Phil Rizzuto recently passed away at the age of 89, and since his death there have been thousands of words written about his importance to the Yankees, both as a player and later as a broadcaster. This post probably will not break any new ground, but instead be a rememberance from my childhood and early years as a Yankees fan.
When I think about my first experiences watching Yankees games, the first thing I think of is Rizzuto's voice as he called the games. Scooter, Tom Seaver, Bill White and Frank Messer called the games and were, in my opinion, the best announcing team the Yankees have compiled in my time as a fan. Rizzuto was the ultimate homer; he had played for the team during the glory days of the 40's and 50's, and did nothing to hide the fact that he was rooting for the Yanks to win every game. It was through his announcing that I learned about the team, to root for Mattingly, Winfield, Randolph, Tommy John, and later, Bernie Williams and Derek Jeter. His exclamations of "Holy Cow!" and "Can you believe it?!" were hardly original, but didn't sound the same to us Yankees fans if they were coming from anyone else (Cubs fans and others, feel free to disagree). He'd talk about local restaurants, where to find the best cannolis, his beloved wife Cora, and his need to leave during the 7th inning to beat the traffic (or sometimes, the thunder and lightning storms he so feared).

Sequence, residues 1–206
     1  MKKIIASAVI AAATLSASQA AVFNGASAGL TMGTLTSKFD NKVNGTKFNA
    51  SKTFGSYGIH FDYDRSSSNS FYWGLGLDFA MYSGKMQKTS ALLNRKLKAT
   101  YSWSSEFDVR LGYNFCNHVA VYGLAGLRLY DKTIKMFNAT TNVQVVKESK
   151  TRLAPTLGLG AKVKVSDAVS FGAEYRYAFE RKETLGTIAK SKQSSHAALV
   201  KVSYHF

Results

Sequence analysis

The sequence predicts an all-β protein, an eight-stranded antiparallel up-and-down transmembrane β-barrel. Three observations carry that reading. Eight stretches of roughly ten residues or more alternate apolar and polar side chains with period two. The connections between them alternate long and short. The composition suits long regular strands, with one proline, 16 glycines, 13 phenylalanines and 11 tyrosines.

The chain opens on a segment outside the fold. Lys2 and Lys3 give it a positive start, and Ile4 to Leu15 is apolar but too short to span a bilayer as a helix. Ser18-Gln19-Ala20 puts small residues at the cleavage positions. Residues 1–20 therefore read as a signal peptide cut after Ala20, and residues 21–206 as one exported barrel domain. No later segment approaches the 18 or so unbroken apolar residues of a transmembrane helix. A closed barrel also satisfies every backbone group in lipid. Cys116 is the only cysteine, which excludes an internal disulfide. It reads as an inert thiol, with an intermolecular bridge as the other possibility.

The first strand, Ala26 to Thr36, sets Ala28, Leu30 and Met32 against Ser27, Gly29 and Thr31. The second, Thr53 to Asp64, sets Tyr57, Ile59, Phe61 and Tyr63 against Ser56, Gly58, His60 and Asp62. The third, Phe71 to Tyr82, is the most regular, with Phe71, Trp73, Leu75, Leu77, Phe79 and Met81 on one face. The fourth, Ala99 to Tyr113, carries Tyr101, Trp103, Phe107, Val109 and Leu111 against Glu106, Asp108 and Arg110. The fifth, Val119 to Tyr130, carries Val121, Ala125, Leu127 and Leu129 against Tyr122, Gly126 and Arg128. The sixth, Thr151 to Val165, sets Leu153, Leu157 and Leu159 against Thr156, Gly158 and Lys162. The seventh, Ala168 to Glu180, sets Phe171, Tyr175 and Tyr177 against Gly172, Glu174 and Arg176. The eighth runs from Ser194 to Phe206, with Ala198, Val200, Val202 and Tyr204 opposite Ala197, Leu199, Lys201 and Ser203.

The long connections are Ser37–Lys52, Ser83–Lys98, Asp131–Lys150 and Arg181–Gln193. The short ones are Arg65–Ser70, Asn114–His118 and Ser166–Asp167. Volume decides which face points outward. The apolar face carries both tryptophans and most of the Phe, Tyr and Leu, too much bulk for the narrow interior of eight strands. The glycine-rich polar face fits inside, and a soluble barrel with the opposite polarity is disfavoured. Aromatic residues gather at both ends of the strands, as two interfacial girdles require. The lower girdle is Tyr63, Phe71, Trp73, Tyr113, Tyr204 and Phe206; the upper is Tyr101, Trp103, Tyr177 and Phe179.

Mostly, though, he'd talk about his love of the Yankees. His stories, combined with my dad's rememberances from his childhood, set the basis for my interest in the team's history, about guys like Mickey Mantle and Joe DiMaggio, but also players largely forgotten by history, like Tony Kubek, Gene Woodling, and Joe Page. His presence connected the present day Yankees to the classic teams, especially important during the near-misses of the late 80's and lean years of the early 90's. During that time, when such luminaries as Andy Hawkins took the mound, all the Yankees had was their history.
Somehow, Yankees games weren't the same once he retired, and now, the Yankees won't be the same because he is gone. Rest in peace Scooter, and thanks for helping make me a lifelong Yankees fan.